The indie film “Lockdown” is expected to be the most controversial movie of the year with its displays of nudity.
Award-winning director Joel Lamangan however clarified in a press conference that nudity wasn’t the film’s focal point. Instead, the movie wanted to show the reality of present times under the pandemic.
The movie is “not intended to increase the viewers’ libido but to reflect reality,” Lamangan said. The movie shows the story of people whose backs are up against the wall in these current circumstances.
Being a storyteller type of director, Lamangan admitted being excited at the uncommon plot.
Also present during the virtual event were lead actor Paolo Gumabao and co-actors Paul Jake Paule, Jeff Carpio, Dincent Lojero, Max Eigenmann, Alan Paule, Jess Evardone, Ruby Ruiz and Jim Pebanco.
Gumabao is the personal choice of Lamangan out of the 53 actors who auditioned. Gumabao admitted feeling hesitant doing the nude scenes but reading the script made him change his mind.
“Nudity is a small price to pay for doing a movie under Joel Lamangan,” Gumabao said. He does not have extra preparations before a nude scene but just does it as required.
Gumabao plays the role of Danny, an overseas Filipino worker who came home after the company he worked for closed shop because of the pandemic. Adding to his plight was having to tend to an ailing father (Evardone) which forced him to engage in cybersex together with other people.
Gumabao is the son of actor Dennis Roldan and is a half-sibling of celebrities Marco and Michelle Gumabao.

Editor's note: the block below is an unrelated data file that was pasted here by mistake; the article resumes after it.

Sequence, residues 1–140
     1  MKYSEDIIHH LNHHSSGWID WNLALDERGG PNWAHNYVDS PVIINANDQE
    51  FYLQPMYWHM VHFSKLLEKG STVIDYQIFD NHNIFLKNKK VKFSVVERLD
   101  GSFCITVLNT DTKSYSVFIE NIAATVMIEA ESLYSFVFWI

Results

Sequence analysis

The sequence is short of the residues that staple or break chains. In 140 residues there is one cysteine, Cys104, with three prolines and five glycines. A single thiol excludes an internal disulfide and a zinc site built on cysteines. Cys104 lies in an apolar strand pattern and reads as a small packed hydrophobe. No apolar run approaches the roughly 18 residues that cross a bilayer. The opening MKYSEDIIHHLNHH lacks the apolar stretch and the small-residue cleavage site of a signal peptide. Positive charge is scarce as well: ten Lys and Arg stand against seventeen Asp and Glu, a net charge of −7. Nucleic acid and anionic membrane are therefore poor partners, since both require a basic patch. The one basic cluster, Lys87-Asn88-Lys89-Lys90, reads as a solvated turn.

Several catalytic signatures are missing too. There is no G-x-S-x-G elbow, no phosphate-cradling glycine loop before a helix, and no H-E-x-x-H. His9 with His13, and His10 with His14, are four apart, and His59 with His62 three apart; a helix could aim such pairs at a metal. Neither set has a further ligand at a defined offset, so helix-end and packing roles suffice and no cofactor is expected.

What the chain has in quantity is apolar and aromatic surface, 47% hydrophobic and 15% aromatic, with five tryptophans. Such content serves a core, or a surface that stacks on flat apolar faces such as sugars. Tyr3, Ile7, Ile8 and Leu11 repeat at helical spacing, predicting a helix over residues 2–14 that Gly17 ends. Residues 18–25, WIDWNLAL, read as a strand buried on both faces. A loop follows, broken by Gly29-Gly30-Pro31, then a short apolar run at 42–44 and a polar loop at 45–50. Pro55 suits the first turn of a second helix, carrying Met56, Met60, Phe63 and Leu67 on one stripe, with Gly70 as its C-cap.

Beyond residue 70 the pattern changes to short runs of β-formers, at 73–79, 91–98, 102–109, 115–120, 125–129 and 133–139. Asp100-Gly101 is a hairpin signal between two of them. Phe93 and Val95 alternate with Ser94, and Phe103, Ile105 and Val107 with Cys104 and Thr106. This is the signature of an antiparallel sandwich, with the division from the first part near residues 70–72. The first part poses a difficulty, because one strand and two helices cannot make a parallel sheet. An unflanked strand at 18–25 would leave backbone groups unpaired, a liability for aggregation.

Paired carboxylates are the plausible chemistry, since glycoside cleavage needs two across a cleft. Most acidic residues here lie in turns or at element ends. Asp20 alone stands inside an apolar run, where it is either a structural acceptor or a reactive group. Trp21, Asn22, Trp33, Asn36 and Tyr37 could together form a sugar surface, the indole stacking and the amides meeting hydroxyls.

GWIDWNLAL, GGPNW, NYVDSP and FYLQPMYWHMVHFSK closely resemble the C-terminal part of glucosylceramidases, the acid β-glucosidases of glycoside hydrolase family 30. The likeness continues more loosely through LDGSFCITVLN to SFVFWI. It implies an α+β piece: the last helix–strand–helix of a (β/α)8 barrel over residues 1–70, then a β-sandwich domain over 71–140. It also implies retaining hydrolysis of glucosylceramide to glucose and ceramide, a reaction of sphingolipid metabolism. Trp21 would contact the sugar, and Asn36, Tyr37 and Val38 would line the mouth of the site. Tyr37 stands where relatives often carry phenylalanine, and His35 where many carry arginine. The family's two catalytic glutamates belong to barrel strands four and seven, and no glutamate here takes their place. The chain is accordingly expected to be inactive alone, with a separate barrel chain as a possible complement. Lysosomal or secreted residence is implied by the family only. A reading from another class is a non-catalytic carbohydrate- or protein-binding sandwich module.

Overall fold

Evardone himself was amused at going nude at an advanced age while being bathed by Gumabao in the film.
The other characters also have their share of nudity along the way. Eigenmann, who plays Danny’s lover, had her share of steamy scenes with the character. She said she had done similar scenes before, thus earning the tag of being the most daring among the Eigenmann women.
Executive producer Jojo Barron of For Love of Arts Films shared that being a lover of arts included admiring music and paintings. He agreed that there is a thin line between obscenity and the arts but he’s optimistic that viewers’ perception of nudity will turn around after the viewers watch the movie.
He remembered requesting Lamangan for the movie to have a redeeming value, and the director himself believes that there will come a time when moviegoers will no longer be shocked at nude scenes.
Lamangan also wished that movie houses will be allowed to admit 50 percent of their total capacity just like what churches are being allowed to do at this time.
“Lockdown” is competing at the Barcelona Film Festival and three other festivals in different parts of the globe. “Lockdown” is available for streaming through KTX.ph, Upstream.ph, RAD (iamrad.app) and WeTV.